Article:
Just before serving, gently remove chicken and toss spinach into crockpot. Stir so that the hot liquid will wilt the spinach. Serve chicken, spinach and sauce over rice or quinoa.

Notes:  If you add the spinach too early before serving it will get ugly.
Cooking times may vary depending on your crockpot.
Freshii salad
Freshii - Grand Open 2/14 on Urbanspoon
Have you heard about a restaurant that goes the extra mile by not only having biodegradable servingware, but they take going eco-friendly to the extent of low carbon emissions and recycling wherever possible? Better yet is the food - fresh and healthy ingredients.

That restaurant is Freshii. A new franchise which opened its first Sacramento area locations in Folsom and downtown.  Freshii originated in Canada in 2005 and since then has been growing like gang-busters. And why shouldn't it? They are serving real, fresh, food.

Some of Freshii's 70 fresh ingredients

What do I mean by real food? The concept is simple. Fresh, healthy, custom made dishes using whole ingredients like brown rice, chicken breasts, fresh vegetables. You choose what ingredients you want in a bowl, wrap, soup, or salad. You can also order pre-set combos. You won't find frozen, canned, adulterated food at Freshii.

Here is the clipboard you receive when you first walk in. You write your name and choose the ingredients that you want. Most vegetables are unlimited, while premium ingredients, like the proteins, cheeses, and certain fruits, have per ingredient costs. You can choose your dressing/sauce by calorie level and whether you want half, whole, double serving sizes. What's really awesome is that if you go to their website and enter in the ingredients, it will calculate the nutritional values for you. So you see the calorie, carbs, fiber, and fat content right away. Give it a try here.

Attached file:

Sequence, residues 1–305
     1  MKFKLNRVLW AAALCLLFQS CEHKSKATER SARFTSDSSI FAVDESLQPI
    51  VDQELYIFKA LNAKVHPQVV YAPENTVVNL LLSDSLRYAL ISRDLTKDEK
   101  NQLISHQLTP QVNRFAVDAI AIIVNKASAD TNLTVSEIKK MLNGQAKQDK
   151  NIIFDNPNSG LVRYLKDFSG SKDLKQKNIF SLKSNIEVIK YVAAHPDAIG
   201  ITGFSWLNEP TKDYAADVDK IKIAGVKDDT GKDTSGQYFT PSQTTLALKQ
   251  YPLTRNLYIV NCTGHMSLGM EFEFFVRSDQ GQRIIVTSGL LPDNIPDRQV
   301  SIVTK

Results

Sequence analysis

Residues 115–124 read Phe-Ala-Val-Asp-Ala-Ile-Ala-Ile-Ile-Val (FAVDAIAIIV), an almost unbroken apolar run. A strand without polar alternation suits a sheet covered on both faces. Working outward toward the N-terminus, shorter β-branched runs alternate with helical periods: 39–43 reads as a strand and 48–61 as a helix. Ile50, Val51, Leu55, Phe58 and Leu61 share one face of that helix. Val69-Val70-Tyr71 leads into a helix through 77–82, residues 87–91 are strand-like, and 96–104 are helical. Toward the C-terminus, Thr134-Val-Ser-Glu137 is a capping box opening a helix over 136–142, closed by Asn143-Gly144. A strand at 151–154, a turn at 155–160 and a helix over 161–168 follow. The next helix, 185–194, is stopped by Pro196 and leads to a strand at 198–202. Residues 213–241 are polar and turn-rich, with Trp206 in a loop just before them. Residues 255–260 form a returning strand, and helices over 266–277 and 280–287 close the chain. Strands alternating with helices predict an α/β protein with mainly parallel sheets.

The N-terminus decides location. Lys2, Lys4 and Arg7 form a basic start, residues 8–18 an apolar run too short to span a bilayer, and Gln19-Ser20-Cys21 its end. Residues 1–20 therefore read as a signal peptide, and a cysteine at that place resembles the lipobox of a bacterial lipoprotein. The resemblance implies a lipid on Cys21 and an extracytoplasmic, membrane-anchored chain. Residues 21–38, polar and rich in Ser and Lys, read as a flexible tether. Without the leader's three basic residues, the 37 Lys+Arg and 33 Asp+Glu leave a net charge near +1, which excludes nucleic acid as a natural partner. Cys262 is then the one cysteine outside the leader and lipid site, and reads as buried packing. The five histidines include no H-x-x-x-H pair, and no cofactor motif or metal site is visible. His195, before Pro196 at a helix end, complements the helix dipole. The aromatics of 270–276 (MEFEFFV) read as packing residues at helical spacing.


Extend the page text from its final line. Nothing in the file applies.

Freshii Warrior Chicken Bowl
I chose to do a pre-set selection called the Warrior Chicken Bowl. It had Cajun chicken, corn, black beans, onions, cilantro, and some other things mixed with brown rice.  Poor Girl Kimberly ordered the Bliss Bowl with goat cheese, avocado, tomatoes, and more mixed with brown rice and with a balsamic dressing. You can choose to do noodle bowls instead of rice.

Here is a video where the company founder explains the process.

If you like soups, they have three broths: vegetable, chicken, or spicy lemongrass. When you select the vegetables you want in your soup, they quickly parboil them and then add them to the prepared broth. That way you don't have overcooked veggies in a soup that's been sitting around.  Each soup is freshly made for each person.

Freshii yogurt
Freshii is open for breakfast with oatmeal, muesli, and breakfast wraps. They also have frozen yogurt and toppings.

The stores themselves are eco-friendly. They have low carbon footprints because they do not use dishwashers, grills, or ovens. They clean with natural, biodegradable cleaners. They recycle as much as possible. If you are really into being green yourself, you can even bring in your own bowl which they will wash and then use to serve your food in.